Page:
Michael Den Tandt writes that today's throne speech is aimed directly at Justin Trudeau:
It also betrays more than a whiff of desperation. For of all the issues the Conservatives could have made their own, few contain more sheer political peril than this. It is a gusher that, once tapped, will be difficult to cap.
Why the desperation? Put simply, despite all the hype and the message discipline, the Conservative record is a record of failure:
On procurement — the Byzantine process by which Ottawa buys hardware for the military — nothing short of a stand-alone procurement agency, managing a system shorn of political interference, will impress the government’s critics. That’s because of the disaster of the Royal Canadian Air Force fighter-replacement project. In 2010, you will recall, the Conservatives hitched their star to a sole-source plan to buy 65 F-35 fighter-bombers, for $9 billion. In late 2012, driven by life-cycle costs that had skyrocketed past $46 billion, that plan was shelved and replaced with a new “options analysis.” The damage to the government’s credibility was enormous.
Justice-wise, the Conservatives discovered in August that Canadians weren’t much bothered by the fact that the Liberal leader had admitted to smoking pot while an MP. For years, the Conservatives have been hammered for their ideological, punitive and not-very-effective approach to marijuana prohibition. Their tough-on-crime agenda works best, at a popular level, when it focuses on protecting the rights of victims of violent and sexual crimes. Therefore, we should expect new measures to crack down on sex criminals, and scant or no mention of pot.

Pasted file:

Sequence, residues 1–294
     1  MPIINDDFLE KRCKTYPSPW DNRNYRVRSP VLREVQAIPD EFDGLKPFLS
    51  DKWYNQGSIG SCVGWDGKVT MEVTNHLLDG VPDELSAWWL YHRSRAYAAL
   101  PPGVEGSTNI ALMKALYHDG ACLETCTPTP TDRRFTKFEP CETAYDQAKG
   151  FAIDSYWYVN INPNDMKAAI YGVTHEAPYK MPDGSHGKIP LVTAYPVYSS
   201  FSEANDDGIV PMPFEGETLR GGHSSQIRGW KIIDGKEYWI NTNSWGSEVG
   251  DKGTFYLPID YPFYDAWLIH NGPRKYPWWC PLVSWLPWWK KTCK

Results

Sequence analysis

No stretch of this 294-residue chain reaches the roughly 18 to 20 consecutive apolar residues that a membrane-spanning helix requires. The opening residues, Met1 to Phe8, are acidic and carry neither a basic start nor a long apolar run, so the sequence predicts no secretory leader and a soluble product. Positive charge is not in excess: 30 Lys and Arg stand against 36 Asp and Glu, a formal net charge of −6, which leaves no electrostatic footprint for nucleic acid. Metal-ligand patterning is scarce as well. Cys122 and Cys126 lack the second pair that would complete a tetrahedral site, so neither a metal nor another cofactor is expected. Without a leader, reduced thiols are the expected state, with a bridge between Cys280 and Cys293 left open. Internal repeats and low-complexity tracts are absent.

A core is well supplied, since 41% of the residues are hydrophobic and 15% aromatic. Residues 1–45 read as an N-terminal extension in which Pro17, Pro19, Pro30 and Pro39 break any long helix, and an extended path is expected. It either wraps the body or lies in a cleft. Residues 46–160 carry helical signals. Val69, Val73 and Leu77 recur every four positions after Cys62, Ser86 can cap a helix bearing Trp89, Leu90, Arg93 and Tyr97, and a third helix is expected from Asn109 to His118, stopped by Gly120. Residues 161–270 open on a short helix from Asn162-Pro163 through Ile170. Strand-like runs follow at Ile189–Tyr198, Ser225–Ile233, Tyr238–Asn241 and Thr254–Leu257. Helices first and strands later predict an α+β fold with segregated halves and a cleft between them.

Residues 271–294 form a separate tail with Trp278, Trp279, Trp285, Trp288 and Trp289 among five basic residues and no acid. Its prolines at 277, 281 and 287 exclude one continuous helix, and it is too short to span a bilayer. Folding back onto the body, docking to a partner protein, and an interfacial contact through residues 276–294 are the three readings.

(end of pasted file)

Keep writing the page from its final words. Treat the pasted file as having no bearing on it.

And when it comes to the Keystone XL Pipeline, the government's complete lack of commitment to the environment is coming home to roost:
Ottawa has routinely missed its own targets for establishing greenhouse-gas-emissions-reduction regulations for the oilpatch. It can no longer do so, because U.S. President Barack Obama is hammering on the front door, requiring the Harper government give him something — anything at all — that he can use as cover to approve construction of the Keystone XL pipeline.
So what have they got left? Cell phone rates and cable television charges. It's targeted policy, which is intended to lock up votes.
It's survival time. And Mr. Harper is desperate.